Former New York Mayor Mike Bloomberg criticized former President Barack Obama and Sen. Elizabeth Warren, D-Mass., while vowing to "defend the banks" at a private event held by Goldman Sachs in 2016, according to a leaked audio recording.
"These are my peeps," Bloomberg told the crowd of bankers at an event held at Yankee Stadium in June 2016. The audio was sent to CNN's K-File by a person claiming to be a longtime former Goldman Sachs employee. The Bloomberg campaign verified the audio and Goldman Sachs did not dispute that it was recorded at their event.
The source also uploaded the audio to SoundCloud using the username "CancelGoldman."
"I was a Managing Director in I.B.D. Strats at Goldman Sachs for 14 years," the user wrote. "The idea that Bloomberg will hold banks accountable or regulate us is utterly ludicrous."
Bloomberg kicked off his chummy remarks to the bankers by discussing his rumored 2016 presidential bid.
"Well, to start, my first campaign platform would be to defend the banks, and you know how well that's gonna sell in this country," Bloomberg told the crowd.
Bloomberg spokesman Stu Loeser told CNN that the line was a "joke," adding that he went on to say that wealthy Americans "need to break their addiction to cheap money that's exacerbating income inequality in America."
But Bloomberg defended banks extensively in his remarks.
"A healthy banking system that's going to take risks because that's what creates the jobs for everybody. And nobody's willing to say that," he said. "The trouble is, these campaigns in this day and age really are about slogans and not about issues anymore. And in this election you're going to see people are voting and they either love or hate, mostly hate both, but who you hate the least. That's what they're going to vote for. And they're not going to vote on issues."
Bloomberg also compared the rising progressive movement in the Democratic Party to the rise of the far right in Europe.
"The left is arising. The progressive movement is just as scary," he said. "Elizabeth Warren on one side. And whoever you want to pick on the Republicans on the right side?"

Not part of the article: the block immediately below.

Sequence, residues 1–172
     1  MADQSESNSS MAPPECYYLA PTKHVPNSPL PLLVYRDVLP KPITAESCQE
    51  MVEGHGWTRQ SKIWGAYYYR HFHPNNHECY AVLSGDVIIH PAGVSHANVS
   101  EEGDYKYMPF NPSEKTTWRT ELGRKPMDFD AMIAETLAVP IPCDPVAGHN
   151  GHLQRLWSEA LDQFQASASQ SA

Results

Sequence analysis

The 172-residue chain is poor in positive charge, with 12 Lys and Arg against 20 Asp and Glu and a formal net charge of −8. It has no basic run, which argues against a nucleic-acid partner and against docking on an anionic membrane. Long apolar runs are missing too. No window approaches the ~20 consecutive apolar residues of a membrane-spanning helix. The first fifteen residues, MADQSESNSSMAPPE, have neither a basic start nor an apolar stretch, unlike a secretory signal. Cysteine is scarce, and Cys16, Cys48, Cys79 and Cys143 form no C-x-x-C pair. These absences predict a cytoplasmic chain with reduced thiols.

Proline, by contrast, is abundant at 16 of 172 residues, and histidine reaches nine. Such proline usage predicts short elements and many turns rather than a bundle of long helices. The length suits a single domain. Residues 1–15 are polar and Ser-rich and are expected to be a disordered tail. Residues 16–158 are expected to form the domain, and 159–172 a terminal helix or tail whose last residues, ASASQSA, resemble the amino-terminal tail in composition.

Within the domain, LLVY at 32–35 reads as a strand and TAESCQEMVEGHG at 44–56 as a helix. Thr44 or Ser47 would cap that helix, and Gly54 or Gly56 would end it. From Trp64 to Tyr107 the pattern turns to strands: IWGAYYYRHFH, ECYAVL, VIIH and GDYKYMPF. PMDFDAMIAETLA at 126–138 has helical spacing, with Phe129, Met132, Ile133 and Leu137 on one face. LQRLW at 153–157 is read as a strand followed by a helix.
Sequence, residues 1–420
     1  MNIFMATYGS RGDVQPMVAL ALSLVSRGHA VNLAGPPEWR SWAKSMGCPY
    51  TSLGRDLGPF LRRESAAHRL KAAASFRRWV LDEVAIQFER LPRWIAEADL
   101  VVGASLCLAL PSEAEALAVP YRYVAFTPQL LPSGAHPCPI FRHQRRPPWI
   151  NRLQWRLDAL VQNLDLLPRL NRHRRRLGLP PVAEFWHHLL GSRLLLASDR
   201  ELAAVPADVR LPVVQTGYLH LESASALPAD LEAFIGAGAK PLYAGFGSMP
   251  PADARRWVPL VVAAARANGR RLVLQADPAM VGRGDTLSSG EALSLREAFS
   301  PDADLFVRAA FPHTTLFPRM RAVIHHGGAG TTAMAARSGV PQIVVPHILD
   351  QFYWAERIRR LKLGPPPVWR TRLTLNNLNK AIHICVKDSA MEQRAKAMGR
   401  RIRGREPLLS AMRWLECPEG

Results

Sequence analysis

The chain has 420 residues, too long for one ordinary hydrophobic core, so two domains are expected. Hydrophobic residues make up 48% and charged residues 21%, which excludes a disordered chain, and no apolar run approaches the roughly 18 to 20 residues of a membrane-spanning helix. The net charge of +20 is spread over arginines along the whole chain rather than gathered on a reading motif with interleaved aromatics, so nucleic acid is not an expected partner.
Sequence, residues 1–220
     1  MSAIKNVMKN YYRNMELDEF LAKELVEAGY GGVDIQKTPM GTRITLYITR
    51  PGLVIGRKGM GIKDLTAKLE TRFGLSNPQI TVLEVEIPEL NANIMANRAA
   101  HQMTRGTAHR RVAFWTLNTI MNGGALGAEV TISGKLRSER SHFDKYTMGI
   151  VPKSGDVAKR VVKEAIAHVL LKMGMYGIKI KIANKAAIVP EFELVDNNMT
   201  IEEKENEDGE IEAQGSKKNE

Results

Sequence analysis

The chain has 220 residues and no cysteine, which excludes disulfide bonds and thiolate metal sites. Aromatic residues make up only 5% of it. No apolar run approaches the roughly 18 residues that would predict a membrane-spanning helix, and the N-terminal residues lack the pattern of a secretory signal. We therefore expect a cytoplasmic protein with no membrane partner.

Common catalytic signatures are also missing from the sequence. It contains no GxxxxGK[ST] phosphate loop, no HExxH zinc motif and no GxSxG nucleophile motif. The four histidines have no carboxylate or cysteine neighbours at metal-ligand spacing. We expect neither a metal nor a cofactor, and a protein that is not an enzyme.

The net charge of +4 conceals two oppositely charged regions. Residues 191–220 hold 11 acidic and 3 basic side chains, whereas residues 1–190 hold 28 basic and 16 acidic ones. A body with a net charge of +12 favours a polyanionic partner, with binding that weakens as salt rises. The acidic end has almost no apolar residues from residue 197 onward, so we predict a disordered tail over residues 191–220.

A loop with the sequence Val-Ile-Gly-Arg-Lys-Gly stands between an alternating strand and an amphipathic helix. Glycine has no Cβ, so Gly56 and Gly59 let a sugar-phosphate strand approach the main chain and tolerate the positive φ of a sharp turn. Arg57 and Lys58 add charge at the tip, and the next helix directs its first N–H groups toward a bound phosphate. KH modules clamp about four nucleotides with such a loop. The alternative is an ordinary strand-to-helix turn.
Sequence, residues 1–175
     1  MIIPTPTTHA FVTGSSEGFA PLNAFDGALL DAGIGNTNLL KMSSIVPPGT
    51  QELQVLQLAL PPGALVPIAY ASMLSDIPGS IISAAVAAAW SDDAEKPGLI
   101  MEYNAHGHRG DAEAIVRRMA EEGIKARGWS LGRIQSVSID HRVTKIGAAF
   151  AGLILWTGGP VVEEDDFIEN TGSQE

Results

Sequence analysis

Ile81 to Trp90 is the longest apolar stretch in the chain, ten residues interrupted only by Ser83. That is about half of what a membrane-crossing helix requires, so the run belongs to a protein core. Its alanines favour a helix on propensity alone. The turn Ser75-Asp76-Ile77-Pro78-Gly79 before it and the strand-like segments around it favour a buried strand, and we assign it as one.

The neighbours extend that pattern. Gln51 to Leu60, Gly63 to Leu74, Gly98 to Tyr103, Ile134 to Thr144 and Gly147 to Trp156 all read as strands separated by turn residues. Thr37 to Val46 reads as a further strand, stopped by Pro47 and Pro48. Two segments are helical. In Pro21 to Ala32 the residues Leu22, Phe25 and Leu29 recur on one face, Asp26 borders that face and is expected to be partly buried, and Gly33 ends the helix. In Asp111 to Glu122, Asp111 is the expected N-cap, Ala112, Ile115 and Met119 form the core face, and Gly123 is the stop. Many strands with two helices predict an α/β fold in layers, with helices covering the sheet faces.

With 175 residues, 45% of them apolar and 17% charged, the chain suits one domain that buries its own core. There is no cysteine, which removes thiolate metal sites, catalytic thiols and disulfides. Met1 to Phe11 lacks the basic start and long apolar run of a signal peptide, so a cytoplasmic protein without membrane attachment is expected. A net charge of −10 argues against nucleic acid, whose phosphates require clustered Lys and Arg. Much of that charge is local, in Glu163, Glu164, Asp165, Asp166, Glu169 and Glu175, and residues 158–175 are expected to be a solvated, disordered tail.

Bloomberg did warn the wealthy crowd that something had to be done about "this income inequality" but largely in the context of past anti-elite revolutions.
"Anytime we've had this before, society blows up and they do set up the guillotines and the guillotines don't have to chop your head off," he said. "They could be confiscatory taxes, they could be seizing the endowments of uh, educational institutions and um, philanthropic organizations, all of which, those proposals are out there. You know, you're going to have to do something about this income inequality, and a lot of it comes from zero interest rates."
Bloomberg also added that he believed 2012 Republican nominee Mitt Romney could have done a better job as president than Obama, adding that his 2012 endorsement of the president was "backhanded." Bloomberg did not endorse Obama in 2008 when he ran against the late Sen. John McCain.
"The second Obama election, I wrote a very backhanded endorsement of Obama," Bloomberg said. "Saying I thought he hadn't done the right thing ... hadn't been good at things that I think are important and Romney would be a better person at doing that. But Romney did not stick with the values that he had when he was governor of Massachusetts."
Loeser insisted to CNN that Bloomberg was "making an important point."